Sunday, 9 February 2014
More recently I bought John L. Ingham’s biography of EFR, “Into Your Tent”, which Bob Rickard mentions in his article. The book’s odd title is taken from one of Russell’s short stories, and I don’t think it was meant to refer to his preferred direction of urination. But it’s apt, anyhow. From the point of view of the mainstream SF community, EFR was always an outsider pissing in, not an insider pissing out.
On top of the biography in the photograph is the only non-fiction book of Russell’s that I own – a compendium of Forteana called Great World Mysteries. Amongst his fiction, the most explicitly Fortean novel is Sinister Barrier, which I wrote about on a previous occasion (The First Fortean Novel). As you can see, I own two copies of this – which I bought on the same day, in two different shops in London (both of which sadly no longer exist).
My first stop was the late lamented Fantasy Centre in Holloway Road. That’s where I bought the original issue of Unknown magazine (March 1939) in which Sinister Barrier first saw print. This cost me £25, which is more than I would normally pay for a book, but I didn’t think I was likely to see another copy for sale (this was in the days before internet shopping). I then proceeded to London’s other specialist SF shop, New Worlds in Charing Cross Road, where I saw a later edition of Sinister Barrier for a tenth of the price I’d just paid – £2.50! I bought that as well (after kicking myself a few times), because it was a significantly expanded version of the novel compared to the original.
The copy of Unknown in the top middle of the photograph is a typical pulp magazine. This term is often used loosely (by me as much as anyone else), but this really is one. It’s printed on thick, wood-pulp paper, and it measures approximately 7 inches by 10 inches (similar dimensions to an American comic book). Pulps were enormously popular in the 1930s, and hundreds of titles were published every month. Bob Rickard’s article describes how the young Russell’s “reading graduated from early British comics to all kinds of pulp fiction”.
Pulp fiction is a widely misunderstood term. Many people think it refers to a genre, when in fact it refers to a medium. Pulp fiction was churned out very quickly, for low rates of pay, and sold in huge quantities to a lowbrow audience that would have preferred to watch television or play video games if such things had existed in the 1930s and 40s. To confuse matters further, the majority of young people nowadays first encounter the term in the context of Quentin Tarantino’s 1994 film, which deliberately inverts many of the traditional elements of pulp fiction (an easy-to-follow plot, a righteous hero, villains who get what’s coming to them and the careful avoidance of profanity). The confusion doesn’t stem from Tarantino, of course, but from the fact that so many people fail to recognize irony when they encounter it.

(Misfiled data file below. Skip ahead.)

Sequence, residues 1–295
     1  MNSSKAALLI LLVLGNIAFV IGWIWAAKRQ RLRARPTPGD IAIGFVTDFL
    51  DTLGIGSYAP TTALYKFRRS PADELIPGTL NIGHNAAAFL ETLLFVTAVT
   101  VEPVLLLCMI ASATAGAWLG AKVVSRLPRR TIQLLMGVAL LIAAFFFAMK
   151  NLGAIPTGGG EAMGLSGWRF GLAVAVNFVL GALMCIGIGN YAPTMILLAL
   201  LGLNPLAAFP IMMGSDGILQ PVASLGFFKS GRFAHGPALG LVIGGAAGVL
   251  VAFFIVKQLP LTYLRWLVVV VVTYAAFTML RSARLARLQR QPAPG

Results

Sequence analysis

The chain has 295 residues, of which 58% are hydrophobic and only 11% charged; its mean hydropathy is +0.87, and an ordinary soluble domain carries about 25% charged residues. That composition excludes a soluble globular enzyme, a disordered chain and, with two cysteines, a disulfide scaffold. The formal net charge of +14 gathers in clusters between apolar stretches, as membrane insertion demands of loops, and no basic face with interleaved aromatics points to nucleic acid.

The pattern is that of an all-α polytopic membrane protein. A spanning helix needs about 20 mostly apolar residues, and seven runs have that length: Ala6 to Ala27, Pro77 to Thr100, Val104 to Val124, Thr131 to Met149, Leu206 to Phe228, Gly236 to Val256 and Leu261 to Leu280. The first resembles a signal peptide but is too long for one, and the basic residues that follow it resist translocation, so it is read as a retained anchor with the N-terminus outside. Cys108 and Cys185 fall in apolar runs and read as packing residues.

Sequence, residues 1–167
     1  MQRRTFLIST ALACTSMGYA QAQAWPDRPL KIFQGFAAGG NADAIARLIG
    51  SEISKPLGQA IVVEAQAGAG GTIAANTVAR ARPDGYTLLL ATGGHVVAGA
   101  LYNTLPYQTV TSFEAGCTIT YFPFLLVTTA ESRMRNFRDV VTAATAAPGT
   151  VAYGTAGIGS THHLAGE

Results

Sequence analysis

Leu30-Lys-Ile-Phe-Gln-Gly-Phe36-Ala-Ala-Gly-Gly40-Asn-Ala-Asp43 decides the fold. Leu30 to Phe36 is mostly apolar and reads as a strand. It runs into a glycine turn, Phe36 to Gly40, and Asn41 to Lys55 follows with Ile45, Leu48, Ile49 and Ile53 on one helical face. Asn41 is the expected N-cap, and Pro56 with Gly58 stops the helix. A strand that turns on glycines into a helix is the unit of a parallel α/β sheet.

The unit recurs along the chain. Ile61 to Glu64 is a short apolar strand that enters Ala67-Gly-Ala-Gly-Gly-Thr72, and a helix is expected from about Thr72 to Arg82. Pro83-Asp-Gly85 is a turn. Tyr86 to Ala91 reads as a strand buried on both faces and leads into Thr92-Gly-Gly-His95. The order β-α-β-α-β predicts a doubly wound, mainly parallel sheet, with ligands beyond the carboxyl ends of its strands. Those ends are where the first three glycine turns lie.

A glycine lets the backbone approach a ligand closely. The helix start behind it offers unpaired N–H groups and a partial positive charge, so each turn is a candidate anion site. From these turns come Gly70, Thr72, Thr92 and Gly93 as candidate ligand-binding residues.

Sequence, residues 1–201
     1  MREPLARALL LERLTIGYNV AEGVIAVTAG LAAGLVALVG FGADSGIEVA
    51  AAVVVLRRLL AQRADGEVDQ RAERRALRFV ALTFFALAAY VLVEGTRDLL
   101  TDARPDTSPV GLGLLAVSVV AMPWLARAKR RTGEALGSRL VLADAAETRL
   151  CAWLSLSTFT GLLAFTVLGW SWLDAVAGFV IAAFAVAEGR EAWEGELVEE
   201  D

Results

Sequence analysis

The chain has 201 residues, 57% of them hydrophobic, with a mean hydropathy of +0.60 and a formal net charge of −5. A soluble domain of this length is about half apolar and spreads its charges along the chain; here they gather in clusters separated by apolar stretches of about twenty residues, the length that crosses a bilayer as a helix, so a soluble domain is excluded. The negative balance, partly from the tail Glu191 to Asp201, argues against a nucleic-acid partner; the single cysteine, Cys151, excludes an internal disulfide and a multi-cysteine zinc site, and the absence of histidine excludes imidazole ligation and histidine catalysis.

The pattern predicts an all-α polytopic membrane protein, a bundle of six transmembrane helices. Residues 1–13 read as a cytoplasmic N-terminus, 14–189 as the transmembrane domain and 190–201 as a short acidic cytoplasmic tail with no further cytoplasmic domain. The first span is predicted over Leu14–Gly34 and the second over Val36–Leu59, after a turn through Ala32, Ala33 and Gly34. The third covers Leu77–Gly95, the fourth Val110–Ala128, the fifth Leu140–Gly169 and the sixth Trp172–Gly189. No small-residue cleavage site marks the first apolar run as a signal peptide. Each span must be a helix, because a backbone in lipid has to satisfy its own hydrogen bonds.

Science fiction started out as one of the genres of pulp fiction, and one of the least sophisticated. By and large, the SF of the 1930s is pretty juvenile, shoot-em-up stuff – and to be honest, Sinister Barrier (which was Russell’s first major work) falls into this category. In contrast, other genres of pulp fiction published at the same time were far more sophisticated in their plotting, writing style and characterization. Perhaps the most sophisticated genre of all was the “hard-boiled detective story”. The genius of Eric Frank Russell was to take the style, pace and language of hard-boiled fiction and apply it to SF. This can be seen in more or less any of his post Sinister Barrier writing.
My all-time favourite EFR novel – and one of my all-time favourite novels by any author, in any genre – is Dreadful Sanctuary. This masterpiece of paranoid fiction was serialized in three parts in Astounding Science Fiction magazine in 1948. I mentioned it quite recently in Precog Fiction, so I won’t repeat myself here.
My second favourite Russell novel is With a Strange Device – another work of paranoid fiction, featuring the implanting of false memories in people’s brains. Like all the best science fiction, it almost isn’t SF at all. Apart from the eponymous “strange device”, it’s a straight mystery novel. It originally appeared under the title “Run, Little Men!” in the June 1956 issue of a pulp magazine called Famous Detective Stories.